To help answer this question in the medical field, we have created a set of benchmark experiments on publicly available medical tabular data (Electronic Health Records, EHR). We implemented the models described above and designed several clinically relevant experiments that could help us find the best OOD detector(s).

Specifically, we designed three experiments to mimic clinically relevant scenarios:

  1. Detecting corrupted features is relevant if a measurement device outputs a faulty value.
  2. Detecting clinically relevant OOD groups is relevant if a model receives a group of patients with a novel disease or demographics that is different from training data.
  3. Detecting source of a dataset is relevant if a patient data comes from a new hospital which can have different procedures.

The full description of the experiments and the results can be found in Ulmer et al., 2020 [1]. Here is a link to the open source repository with the implementations of the models and experiments.


We used two publicly available datasets:

  • MIMIC-III (Medical Information Mart for Intensive Care) which contains information about patients admitted to critical care units that spans more than a decade. Features in this dataset include laboratory test results, diagnostic codes, or demographics.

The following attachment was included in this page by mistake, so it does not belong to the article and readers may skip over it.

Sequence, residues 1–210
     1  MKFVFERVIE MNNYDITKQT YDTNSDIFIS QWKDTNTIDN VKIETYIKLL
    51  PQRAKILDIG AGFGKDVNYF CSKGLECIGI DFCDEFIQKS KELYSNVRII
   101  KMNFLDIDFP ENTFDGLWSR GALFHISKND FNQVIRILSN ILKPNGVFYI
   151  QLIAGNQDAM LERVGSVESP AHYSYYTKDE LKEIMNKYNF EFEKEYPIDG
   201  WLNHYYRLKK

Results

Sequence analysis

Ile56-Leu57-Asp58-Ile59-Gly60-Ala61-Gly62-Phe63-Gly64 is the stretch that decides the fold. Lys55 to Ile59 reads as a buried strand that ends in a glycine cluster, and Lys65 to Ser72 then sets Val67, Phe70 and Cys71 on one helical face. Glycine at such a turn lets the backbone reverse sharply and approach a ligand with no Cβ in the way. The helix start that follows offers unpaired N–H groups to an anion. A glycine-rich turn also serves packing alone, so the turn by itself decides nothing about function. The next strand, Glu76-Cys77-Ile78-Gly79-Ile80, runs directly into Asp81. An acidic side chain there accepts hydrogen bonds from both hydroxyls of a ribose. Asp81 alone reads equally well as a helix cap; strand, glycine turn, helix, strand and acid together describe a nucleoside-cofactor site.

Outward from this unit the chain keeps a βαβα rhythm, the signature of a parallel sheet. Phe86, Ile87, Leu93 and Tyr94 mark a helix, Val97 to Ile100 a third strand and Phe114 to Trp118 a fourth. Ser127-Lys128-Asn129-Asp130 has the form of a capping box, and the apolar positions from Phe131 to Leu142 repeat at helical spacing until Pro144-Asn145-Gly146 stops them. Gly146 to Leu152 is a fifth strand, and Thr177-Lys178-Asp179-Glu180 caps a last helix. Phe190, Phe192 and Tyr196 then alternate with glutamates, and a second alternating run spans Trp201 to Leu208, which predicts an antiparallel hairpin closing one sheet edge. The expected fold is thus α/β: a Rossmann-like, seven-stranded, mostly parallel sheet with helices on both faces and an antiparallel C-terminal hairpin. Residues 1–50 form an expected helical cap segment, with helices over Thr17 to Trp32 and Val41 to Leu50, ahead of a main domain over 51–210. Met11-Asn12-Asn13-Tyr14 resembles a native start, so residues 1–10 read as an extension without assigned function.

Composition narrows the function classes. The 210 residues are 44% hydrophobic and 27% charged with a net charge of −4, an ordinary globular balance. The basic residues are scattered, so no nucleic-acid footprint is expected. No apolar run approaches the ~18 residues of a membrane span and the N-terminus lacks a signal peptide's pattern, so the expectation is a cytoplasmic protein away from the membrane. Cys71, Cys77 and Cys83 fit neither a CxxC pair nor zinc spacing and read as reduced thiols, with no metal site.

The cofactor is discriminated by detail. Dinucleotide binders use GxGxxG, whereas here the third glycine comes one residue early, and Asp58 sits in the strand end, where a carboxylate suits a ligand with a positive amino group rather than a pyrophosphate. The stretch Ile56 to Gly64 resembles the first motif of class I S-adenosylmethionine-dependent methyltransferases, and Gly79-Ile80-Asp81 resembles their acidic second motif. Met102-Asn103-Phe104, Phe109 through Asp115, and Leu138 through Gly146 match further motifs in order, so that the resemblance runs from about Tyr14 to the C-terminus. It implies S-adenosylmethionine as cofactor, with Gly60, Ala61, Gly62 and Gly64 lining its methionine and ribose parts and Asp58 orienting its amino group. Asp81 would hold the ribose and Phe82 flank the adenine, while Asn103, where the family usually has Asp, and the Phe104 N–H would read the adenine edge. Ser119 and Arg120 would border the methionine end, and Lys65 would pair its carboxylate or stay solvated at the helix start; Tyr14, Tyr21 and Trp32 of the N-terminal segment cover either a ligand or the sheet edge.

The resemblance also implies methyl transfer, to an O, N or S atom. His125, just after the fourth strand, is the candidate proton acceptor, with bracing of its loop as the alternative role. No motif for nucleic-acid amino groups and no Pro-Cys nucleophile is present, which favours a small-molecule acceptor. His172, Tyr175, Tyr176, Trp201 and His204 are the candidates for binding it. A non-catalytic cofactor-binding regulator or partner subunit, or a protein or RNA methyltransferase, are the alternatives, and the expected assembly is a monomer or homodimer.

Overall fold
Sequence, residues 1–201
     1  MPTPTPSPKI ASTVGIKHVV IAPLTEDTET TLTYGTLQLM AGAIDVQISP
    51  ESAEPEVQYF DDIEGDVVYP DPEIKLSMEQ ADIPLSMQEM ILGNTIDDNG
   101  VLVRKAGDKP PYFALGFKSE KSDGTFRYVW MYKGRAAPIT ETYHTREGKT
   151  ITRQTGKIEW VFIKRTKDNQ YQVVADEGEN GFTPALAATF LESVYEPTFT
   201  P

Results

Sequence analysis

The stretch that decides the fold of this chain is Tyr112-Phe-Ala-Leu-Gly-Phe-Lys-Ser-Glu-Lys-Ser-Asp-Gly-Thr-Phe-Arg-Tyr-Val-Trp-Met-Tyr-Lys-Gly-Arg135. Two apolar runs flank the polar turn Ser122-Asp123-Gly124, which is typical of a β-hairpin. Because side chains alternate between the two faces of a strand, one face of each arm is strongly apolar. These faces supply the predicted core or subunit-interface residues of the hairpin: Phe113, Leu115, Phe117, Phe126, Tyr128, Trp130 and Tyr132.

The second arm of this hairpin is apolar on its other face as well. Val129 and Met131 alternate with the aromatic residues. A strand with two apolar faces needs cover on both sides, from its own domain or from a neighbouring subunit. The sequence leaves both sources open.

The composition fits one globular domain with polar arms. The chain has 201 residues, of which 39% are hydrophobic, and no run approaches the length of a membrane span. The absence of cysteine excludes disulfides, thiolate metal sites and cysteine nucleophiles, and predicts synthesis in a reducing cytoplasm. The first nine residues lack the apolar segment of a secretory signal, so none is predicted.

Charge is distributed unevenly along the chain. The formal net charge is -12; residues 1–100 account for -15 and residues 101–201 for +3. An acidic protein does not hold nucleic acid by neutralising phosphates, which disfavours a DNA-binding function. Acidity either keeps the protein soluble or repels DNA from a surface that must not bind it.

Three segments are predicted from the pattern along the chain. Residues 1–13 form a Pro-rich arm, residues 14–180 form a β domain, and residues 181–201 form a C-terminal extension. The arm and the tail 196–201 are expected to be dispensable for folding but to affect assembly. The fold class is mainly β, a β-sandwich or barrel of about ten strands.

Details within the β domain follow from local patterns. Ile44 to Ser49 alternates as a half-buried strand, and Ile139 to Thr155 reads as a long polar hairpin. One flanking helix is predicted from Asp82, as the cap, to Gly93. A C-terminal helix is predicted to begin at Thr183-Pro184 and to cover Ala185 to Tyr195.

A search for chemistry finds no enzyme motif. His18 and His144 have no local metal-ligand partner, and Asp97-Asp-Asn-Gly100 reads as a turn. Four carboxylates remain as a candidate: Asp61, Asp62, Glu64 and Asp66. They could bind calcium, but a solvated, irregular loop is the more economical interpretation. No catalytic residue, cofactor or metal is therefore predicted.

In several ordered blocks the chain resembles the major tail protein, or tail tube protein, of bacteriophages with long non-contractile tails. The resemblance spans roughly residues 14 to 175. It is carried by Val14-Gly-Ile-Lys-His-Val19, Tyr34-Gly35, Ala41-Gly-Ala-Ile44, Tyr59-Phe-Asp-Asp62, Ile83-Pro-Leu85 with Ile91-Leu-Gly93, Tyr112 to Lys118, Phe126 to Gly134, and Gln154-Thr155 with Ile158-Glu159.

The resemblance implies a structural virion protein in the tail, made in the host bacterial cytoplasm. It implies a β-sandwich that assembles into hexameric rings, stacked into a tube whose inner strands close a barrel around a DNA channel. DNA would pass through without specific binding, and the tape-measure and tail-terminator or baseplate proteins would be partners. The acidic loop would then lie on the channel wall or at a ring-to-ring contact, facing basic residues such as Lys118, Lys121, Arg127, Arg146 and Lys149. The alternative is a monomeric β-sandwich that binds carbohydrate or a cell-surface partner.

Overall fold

• eICU (electronic Intensive Care Unit) database contains data from critical care units across the United States in years 2014 and 2015. Similar to MIMIC, it contains laboratory measurements, length of stays, and demographics of patients.

Mortality prediction task

All discriminator models were trained for a binary classification task of in-hospital mortality*. That is, discriminator models are not trained on OOD detection but on the actual task they are going to be used for.